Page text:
Diagnosis and Management of a Pulmonary Abscess in a Bottlenose Dolphin (Tursiops truncatus)
IAAAM 2009
Jennifer Langan1; Natalie Myniczenko2; William Van Bonn3
1University of Illinois, College of Veterinary Medicine & Chicago Zoological Society's Brookfield Zoo, Brookfield, IL, USA; 2Chicago Zoological Society's Brookfield Zoo, Brookfield, IL, USA; 3John G. Shedd Aquarium, Chicago, IL, USA


A 12 year-old female bottlenose dolphin (Tursiops truncatus) with a chronic history of regurgitation presented for subtle changes in behavior, including increased regurgitation and occasional disinterest in training sessions during the last trimester of pregnancy. Examination was unremarkable except that she had lost 5 kg from her previous weight. Diagnostics revealed leukopenia, increased erythrocyte sedimentation rate (ESR) and increased white blood cells on cytological examination of a gastric wash. The animal initially improved following treatment with cephalexin (30 mg/kg PO BID x 7 d) and ranitidine (2 mg/kg PO BID x 30 d).

One month after evaluation, the animal presented for partial anorexia, abnormal behavior, bloody discharge from her blow hole, vaginal discharge and abdominal crunching consistent with preterm labor. Examination revealed bloody discharge from the blow hole, vaginal discharge, and a non-viable fetus. White blood cell count showed a left shift with bands, and an azotemia was noted on the biochemical analysis. The retained fetus was removed via manual extraction after no progression of labor after 48 hrs and the dam was started on enrofloxacin (5 mg/kg PO BID x 10 d) and Clavamox (11 mg/kg PO BID X 10 d). The dam continued to show abnormal behavior including floating at the surface, partial anorexia, decreased activity and discharge from the blow hole. Ceftriaxone (20 mg/kg IM once followed by 4 days of SID intravenous administration) was started as the animal's condition began to decline. Based on culture and sensitivity results from the hemorrhagic blowhole discharge, oral azithromycin (3.5 mg/kg PO SID x 14 d) was initiated in conjunction with itraconazole (4.5 mg/kg PO SID x 21 d, then 2.5 mg/kg SID X 30 d), followed by oral cefpodoxime (5 mg/kg PO SID x 14 d) over several weeks.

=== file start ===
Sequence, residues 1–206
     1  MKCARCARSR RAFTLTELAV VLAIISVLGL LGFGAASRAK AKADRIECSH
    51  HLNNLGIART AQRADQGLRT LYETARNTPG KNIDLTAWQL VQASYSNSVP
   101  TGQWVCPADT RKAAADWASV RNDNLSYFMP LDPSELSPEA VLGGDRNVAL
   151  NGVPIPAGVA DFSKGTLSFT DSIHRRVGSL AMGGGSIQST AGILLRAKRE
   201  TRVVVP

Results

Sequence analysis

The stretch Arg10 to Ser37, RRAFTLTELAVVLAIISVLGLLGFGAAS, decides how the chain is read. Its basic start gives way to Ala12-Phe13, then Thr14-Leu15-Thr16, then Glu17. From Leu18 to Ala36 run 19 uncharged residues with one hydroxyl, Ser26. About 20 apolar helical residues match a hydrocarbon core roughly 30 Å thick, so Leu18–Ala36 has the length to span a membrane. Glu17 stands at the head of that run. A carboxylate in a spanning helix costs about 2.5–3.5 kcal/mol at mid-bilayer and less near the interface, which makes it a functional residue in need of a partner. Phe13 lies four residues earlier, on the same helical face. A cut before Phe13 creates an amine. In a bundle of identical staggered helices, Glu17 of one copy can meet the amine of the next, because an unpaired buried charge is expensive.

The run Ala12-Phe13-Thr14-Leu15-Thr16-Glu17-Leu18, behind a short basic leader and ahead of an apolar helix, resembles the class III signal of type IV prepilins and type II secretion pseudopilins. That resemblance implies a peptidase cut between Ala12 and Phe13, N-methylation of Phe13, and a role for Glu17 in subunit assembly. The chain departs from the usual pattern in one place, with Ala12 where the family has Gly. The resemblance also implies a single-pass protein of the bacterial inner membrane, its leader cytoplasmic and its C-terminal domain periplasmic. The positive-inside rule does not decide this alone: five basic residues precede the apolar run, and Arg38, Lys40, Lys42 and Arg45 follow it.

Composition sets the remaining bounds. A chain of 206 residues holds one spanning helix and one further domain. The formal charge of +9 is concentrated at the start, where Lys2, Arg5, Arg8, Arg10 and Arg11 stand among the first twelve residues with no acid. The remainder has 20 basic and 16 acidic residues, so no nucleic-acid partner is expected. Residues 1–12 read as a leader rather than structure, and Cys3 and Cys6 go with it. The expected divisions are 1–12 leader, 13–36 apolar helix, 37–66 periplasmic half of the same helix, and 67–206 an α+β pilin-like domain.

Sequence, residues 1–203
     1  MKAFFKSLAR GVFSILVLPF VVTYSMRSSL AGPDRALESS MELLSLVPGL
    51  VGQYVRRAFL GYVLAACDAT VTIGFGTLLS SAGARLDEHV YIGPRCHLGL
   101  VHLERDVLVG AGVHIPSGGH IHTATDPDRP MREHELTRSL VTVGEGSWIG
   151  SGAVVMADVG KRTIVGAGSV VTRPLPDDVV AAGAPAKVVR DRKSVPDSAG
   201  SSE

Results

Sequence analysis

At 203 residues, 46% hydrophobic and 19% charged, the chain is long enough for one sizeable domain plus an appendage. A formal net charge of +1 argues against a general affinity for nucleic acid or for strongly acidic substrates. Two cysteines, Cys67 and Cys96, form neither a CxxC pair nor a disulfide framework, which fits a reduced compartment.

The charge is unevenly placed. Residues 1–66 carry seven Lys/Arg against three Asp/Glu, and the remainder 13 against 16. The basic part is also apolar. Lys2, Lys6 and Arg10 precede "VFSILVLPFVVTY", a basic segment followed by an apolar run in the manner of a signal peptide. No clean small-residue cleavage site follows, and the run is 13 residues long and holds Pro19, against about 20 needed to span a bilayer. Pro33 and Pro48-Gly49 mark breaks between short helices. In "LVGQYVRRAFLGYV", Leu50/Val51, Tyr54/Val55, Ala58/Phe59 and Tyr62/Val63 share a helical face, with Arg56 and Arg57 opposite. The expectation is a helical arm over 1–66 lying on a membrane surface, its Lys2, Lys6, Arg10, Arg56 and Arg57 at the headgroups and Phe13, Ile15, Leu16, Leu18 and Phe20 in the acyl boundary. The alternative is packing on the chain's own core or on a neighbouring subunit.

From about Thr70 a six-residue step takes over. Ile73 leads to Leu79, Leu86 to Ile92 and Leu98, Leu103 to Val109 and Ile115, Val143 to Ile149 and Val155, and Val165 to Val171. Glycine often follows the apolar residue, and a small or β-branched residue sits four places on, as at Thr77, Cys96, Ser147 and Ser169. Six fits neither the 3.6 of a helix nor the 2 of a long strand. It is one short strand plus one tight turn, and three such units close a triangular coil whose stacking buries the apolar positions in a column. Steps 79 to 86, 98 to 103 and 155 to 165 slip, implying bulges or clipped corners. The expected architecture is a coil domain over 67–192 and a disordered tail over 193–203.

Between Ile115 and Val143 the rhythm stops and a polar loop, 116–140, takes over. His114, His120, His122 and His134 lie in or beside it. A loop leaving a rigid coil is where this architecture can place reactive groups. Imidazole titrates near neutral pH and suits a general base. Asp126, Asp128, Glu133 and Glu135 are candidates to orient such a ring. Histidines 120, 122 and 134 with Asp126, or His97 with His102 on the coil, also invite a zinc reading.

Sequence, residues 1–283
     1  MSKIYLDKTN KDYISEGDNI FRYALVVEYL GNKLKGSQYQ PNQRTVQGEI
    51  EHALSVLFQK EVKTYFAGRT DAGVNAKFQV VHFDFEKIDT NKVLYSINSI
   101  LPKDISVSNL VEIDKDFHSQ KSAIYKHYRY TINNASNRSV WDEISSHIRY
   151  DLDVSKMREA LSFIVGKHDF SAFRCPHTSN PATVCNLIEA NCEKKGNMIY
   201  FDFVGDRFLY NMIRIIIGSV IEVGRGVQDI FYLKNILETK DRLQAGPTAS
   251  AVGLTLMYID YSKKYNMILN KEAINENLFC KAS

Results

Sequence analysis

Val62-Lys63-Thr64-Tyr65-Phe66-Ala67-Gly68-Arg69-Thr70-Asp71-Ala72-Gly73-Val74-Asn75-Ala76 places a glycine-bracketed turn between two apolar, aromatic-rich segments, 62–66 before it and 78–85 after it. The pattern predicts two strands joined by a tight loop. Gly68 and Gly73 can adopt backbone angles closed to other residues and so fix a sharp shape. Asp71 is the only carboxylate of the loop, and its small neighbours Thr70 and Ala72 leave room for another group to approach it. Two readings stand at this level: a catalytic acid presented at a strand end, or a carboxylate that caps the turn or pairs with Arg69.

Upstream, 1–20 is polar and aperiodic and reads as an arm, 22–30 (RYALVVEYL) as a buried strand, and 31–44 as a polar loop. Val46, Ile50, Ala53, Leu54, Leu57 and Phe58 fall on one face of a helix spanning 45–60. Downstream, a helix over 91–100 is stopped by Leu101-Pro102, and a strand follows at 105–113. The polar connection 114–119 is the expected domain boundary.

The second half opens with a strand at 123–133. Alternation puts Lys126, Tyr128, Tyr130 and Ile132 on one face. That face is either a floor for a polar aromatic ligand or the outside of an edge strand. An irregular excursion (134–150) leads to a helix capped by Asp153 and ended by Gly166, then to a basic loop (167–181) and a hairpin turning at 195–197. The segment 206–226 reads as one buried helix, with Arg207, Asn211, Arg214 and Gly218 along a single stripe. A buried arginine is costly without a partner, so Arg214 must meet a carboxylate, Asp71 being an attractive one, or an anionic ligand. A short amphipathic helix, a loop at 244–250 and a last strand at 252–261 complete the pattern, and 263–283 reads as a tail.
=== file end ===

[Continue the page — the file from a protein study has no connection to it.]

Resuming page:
The animal appeared to be steadily improving over 12 weeks until bloody discharge from her blowhole returned. Bronchoscopy revealed hemorrhagic discharge from the right main stem bronchus. A 6.5 x 5 cm fluid filled abscess in the right caudal ventral lung lobe was identified with subsequent ultrasound examination. The animal's condition declined following restraint and diagnostic procedures and she was started on ticarcillin (20 mg/kg IM once), given ceftriaxone (20 mg/kg IV SID x 4 d) and maintained on Clavamox (8.5 mg/kg PO x 10 d), after which she showed gradual improvement.

The animal underwent a series of three thoracic CT scans during the course of her illness. The initial scan (10 days after identifying the abscess via ultrasound) still showed a well delineated but smaller fluid filled abscess, surrounding consolidated lung and moderate pneumothorax (from the FNA of the abscess) in the right thorax. The second scan five weeks later showed that the pneumothorax had resolved and the abscess no longer contained fluid. The affected area was half the initial size (3 x 1 cm) and appeared localized and consolidated. The third CT scan was performed seven months after initial presentation and four months after the abscess was diagnosed (via ultrasound). There was still a small area of consolidation at the site of the previous abscess as well as adhesions between the lung and thoracic wall in that area. The extent of the affected area affected was decreased in size and considered minimal at this point. A fourth CT scan was performed opportunistically three years after her presentation to assess long term changes from this bout of respiratory illness. Minor residual scarring in the right ventral lung lobe was all that remained from the initial lesion.

Aggressive medical management and advanced diagnostics were instrumental in diagnosing and treating the pulmonary abscess and respiratory disease in this bottlenose dolphin. Computed tomography was extremely helpful in monitoring the animal's response to therapy and determining her prognosis, and should be considered as a useful diagnostic aid with other cases of respiratory disease in cetaceans.


The authors wish to thank the entire Veterinary Services and Seven Seas team at Brookfield Zoo for their assistance, expertise and time with this challenging case as well as Dr. Chris Dold from Sea World, Orlando for his assistance.

Speaker Information
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Jennifer Langan
University of Illinois, College of Veterinary Medicine &
Chicago Zoological Society’s Brookfield Zoo
Brookfield, IL, USA

MAIN : Case Reports : Pulmonary Abscess
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